Last night hundreds of East Nasties gathered on a sweltering evening to knock out the group’s signature run.   If you live in Nashville, you’ve probably seen the black and white “East Nasty” bumper stickers, and all those people have earned it by finishing The Nasty.

The Nasty is a 5.9 mile run, laced with several rolling hills and 6 “big” climbs, including, Mount Nasty, which is a relatively short, but steep ascent at mile 4.  The legend that surrounds this route has an intimidating aura and most expect the worst, but I’ve come to really enjoy the challenge and think it always makes me a better runner.

The mood after running The Nasty ranges from exhaustion to exhilaration.  Mark or Duane stand around and reward everyone with their stickers.  The big one for the first time runners, and the small circle Mount Nasty for repeat offenders.

I feel lucky to have started running in East Nashville.  The Nasty, is basically a collection of the best climbs and descents my neighborhood has to offer.  You start with a slow downhill, into a climb, then a couple blocks of flat followed by another long climb, then two short steep descents and climbs, etc…  Then you get a long, very gradual decline to prepare you for Mount Nasty.  After that, it’s down into Shelby Park, around the lake and back out with a gradual, snake climb back to Shelby Avenue.  Then, it’s down into a big valley, followed by a final climb before you turn and head home to 11th and Holly.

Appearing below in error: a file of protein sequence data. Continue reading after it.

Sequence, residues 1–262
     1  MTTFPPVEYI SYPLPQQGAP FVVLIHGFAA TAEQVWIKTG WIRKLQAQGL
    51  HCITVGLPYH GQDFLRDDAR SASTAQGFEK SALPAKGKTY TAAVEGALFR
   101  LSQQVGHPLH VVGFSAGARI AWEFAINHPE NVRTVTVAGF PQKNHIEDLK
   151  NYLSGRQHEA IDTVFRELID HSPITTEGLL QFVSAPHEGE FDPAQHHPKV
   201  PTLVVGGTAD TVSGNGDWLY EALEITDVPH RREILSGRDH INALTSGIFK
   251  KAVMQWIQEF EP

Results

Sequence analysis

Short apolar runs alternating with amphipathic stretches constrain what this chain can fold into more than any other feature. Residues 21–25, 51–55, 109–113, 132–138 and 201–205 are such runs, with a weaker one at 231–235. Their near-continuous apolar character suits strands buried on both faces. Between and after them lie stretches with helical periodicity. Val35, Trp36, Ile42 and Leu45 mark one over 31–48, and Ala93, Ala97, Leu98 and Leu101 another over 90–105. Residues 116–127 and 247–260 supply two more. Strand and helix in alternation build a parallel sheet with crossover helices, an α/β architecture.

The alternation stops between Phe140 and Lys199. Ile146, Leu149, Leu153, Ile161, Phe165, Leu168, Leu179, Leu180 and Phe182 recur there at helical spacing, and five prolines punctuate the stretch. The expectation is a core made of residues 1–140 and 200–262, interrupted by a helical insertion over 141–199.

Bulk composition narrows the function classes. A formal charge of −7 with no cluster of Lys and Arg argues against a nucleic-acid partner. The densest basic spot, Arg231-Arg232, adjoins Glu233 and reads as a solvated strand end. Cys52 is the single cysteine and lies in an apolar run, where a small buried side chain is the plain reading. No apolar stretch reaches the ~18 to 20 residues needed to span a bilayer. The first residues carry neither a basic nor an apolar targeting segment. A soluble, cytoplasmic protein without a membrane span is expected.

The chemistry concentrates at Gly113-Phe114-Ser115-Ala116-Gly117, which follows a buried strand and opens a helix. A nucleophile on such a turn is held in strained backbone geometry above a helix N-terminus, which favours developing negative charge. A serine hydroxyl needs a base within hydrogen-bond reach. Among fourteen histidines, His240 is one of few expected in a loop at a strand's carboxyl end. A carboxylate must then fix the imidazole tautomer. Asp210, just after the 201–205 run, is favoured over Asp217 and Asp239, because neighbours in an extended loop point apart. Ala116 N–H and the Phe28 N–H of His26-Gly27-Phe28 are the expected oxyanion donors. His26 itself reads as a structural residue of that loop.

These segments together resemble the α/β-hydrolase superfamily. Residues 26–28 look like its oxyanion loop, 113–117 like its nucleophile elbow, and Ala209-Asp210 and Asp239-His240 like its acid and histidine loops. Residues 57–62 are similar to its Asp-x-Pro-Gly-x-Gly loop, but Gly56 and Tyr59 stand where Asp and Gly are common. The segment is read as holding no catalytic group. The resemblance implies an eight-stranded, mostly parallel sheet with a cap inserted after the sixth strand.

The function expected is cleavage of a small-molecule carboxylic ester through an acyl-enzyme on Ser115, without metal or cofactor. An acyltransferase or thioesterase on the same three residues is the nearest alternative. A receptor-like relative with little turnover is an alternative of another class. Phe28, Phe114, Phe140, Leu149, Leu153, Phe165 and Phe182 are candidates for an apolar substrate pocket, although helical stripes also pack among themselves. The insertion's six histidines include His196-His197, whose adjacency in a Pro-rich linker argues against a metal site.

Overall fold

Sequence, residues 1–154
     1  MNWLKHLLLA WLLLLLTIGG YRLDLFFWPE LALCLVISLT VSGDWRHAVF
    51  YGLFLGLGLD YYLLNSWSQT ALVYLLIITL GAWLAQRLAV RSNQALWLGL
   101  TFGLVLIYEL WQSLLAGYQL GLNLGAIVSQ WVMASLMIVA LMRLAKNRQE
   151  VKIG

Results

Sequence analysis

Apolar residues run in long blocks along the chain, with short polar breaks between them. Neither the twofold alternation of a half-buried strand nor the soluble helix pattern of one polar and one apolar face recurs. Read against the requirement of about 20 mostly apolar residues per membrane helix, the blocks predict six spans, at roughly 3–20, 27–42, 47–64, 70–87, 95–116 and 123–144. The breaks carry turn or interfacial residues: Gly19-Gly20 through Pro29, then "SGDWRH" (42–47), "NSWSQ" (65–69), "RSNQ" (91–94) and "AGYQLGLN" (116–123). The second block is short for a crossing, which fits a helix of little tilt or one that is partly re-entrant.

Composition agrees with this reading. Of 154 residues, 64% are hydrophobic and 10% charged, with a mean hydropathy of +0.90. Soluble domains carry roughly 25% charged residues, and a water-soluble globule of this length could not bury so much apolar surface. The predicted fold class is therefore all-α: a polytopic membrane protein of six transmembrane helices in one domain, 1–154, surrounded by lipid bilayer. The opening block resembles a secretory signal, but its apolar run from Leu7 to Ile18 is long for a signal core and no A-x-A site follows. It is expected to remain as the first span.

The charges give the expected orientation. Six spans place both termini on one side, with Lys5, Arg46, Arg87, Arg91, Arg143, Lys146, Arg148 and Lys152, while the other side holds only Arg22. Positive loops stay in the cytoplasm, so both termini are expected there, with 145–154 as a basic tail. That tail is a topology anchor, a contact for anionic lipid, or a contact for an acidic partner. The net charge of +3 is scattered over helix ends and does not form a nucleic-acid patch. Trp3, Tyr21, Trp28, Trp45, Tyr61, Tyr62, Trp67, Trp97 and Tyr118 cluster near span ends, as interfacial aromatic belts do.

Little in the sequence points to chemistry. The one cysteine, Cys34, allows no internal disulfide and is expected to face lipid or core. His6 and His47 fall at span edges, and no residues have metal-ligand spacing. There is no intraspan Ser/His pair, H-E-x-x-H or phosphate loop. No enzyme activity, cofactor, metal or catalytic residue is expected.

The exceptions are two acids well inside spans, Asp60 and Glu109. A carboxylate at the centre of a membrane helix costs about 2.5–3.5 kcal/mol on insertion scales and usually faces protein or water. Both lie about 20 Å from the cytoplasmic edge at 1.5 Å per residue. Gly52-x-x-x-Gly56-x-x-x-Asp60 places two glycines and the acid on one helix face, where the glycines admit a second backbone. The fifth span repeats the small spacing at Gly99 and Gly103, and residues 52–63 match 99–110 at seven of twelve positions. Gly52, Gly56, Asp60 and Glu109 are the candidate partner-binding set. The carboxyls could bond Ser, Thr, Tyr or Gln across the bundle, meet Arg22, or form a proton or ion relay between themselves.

While Nashville is no Boulder, I think we have a great hilly/urban environments for training.  If I’m looking for a flat/fast course, the Greenway is about a half mile from my front door, but if I go any other direction, I’m bound to collide with a bunch of hills.  And the more I run hills, the more I crave them.

Last night I ran the course with John Wasky (+2) who is training for Louisville and typically ready to crush the road waskywouldin front of him.  We talked a lot about the fatigue of Ironman training and ran most of the route (plus 3.25 extra miles) with heavy legs.  What amazed me about last nights run wasn’t that I was able to plow through tired legs, but how the cross training of triathlon is making my body so resilient.  Normally my feet, hips, and knees ache after a run (and especially in the morning) but last night and today I remain cautiously optimistic that I’m turning a corner with nickle and dime pains.

I told Wasky early in the day I wasn’t putting up with any of his “Sub-7 pace BS” and for 8 miles he seemed to agree.  But as we turned onto Shelby for the second time of the night and began a long descent that transformed into a longer climb, he turned on the jets and didn’t look back.  It was all I could do to stay on his heels as he seemed to pick up speed on the hill.  We crested, and I expected a deep breath or two to turn into a jog, but he rounded the corner hard on his way home.  I tried to relax as we belted our way past a porch party full of women for the 3rd time of the night, and he wasn’t letting up.  It was a 6 block sprint to the finish and sure enough, I looked at my watch and we were dabbling in the sub-7 range.  He casually lured me to sleep then tried to break my will, but I am schooled in his shenanigans.

Great run on a humid night in Nashville, TN.  The only bad news was that it wasn’t Pint Night at Nashville Running Company.

Running in Nashville – The Nasty